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Fables from Ancient Authors, or Old Saws with Modern Instances. No I. Gratitude. The Devil and the Ladder

1832: Representation of the People Acts

Author: Anon [Peter Pilpay]

Publication: The Ten Pounder

Publisher: Peter Brown

Published: 25 August 1832

Place of publication: Lady Stair's Close, Edinburgh, Scotland

Publication type: Newspaper/Periodical

Featured individuals:
James Abercromby (1776-1858)
James Aytoun (1797-1881)
Peter Brown (1784-1863)

A full copy of this poem is available.

Further information:
https://books.google.co.uk/books/reader?id=gAwZAAAAYAAJ&printsec=frontcover&output=reader&pg=GBS.PA31

Archive/Library: Glasgow University Library
Classmark(s): Sp Coll Mu56-e.12
Pages(s): 31-32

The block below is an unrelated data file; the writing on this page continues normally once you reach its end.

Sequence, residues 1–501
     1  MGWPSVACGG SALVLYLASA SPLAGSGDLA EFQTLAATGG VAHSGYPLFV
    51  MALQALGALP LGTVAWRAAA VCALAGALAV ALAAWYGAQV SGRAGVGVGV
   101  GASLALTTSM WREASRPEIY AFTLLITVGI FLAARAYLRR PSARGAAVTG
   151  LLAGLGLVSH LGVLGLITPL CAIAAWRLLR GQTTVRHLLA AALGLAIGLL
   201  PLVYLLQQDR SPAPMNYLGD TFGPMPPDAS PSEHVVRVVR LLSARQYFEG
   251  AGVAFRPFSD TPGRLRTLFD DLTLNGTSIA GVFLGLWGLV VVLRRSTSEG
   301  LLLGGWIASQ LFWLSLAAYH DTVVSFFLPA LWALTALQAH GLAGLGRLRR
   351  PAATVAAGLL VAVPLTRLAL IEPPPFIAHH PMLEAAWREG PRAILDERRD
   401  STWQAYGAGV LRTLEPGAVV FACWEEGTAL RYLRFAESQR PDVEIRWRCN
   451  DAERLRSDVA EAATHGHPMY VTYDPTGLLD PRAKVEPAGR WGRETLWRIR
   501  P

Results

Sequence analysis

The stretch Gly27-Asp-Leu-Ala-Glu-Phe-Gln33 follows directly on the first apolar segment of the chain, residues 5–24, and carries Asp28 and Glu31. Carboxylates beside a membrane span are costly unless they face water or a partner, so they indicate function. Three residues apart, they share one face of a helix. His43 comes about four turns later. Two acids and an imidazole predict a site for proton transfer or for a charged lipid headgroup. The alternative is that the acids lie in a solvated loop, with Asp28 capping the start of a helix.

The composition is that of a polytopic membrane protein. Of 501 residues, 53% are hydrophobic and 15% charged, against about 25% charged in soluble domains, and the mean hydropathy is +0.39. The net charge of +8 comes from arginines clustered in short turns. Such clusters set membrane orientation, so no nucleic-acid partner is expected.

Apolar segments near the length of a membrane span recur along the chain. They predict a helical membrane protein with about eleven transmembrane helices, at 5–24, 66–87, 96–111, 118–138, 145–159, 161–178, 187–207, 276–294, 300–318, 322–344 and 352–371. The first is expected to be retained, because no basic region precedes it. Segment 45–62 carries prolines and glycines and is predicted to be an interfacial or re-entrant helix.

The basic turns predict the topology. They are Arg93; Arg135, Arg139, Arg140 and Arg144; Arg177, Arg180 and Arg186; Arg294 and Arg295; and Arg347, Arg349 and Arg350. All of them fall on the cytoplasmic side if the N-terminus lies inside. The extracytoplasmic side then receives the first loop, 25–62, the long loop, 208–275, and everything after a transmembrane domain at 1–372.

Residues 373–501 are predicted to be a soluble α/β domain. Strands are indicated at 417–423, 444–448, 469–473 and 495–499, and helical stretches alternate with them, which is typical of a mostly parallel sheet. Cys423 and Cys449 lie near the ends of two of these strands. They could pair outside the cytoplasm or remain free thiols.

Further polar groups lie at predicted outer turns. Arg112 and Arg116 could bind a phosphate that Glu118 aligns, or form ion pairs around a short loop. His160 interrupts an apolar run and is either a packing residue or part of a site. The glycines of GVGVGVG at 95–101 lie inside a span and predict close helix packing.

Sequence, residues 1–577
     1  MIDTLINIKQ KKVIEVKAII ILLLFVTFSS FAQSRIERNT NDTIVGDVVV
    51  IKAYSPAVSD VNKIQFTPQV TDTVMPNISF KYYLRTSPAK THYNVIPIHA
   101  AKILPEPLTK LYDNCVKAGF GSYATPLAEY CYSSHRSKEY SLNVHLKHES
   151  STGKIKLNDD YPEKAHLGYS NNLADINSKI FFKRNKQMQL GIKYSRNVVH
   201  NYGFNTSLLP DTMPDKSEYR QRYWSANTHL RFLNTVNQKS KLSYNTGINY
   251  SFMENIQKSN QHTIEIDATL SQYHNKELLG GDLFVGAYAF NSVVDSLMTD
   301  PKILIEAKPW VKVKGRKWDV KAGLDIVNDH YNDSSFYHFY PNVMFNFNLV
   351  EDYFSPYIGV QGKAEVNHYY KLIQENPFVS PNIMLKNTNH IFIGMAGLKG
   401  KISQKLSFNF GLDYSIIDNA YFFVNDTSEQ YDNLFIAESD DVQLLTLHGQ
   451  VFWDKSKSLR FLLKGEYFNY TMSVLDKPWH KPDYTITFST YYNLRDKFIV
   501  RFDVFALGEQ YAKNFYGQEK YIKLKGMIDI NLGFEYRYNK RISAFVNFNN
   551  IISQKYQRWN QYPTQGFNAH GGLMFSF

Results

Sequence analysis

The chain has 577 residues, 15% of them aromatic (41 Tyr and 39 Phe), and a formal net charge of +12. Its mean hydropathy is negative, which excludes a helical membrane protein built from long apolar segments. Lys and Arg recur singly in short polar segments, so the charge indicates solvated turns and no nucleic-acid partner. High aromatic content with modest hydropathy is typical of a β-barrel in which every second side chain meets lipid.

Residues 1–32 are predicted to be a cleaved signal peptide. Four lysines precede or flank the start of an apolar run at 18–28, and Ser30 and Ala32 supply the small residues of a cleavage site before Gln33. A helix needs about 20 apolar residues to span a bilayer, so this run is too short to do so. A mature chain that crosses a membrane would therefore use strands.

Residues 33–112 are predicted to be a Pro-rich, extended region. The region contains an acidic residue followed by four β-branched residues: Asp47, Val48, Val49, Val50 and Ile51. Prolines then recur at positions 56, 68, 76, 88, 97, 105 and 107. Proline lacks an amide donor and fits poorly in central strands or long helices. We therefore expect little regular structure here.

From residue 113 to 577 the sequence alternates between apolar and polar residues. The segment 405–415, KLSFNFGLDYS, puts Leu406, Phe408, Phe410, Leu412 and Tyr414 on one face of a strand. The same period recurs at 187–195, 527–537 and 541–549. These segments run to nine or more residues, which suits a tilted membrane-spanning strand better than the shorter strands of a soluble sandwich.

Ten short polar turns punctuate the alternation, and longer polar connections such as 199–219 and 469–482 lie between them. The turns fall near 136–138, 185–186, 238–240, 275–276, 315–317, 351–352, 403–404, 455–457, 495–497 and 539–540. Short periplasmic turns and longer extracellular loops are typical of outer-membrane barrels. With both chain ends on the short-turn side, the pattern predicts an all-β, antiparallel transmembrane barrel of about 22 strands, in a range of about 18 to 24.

The editor of this journal, Peter Brown, was a ‘ten pounder’: ‘one of those who have been called into political existence, as it were, by the great measure which has lately given a new character to public affairs’.  Despite this, he was against those calling for more reform.  This poem satirises the Edinburgh Whigs by comparing them to the devil.  In the poem, Eden is portrayed, where people have not yet began agitating for their rights, but then the devil tries to get in by making a ladder, to surmount Eden's ramparts.  The poet associates the ladder with the people, who are simply used by the Whigs to get into parliament.  It is also believed that the Whigs are simply using the radical James Aytoun to get in too, by ultimately trying to take his support.  In the final few lines of the poem, the editor of the journal (Peter Brown) is mentioned: the speaker (ambiguously) states that even Brown would kick Aytoun after the Whigs had used him.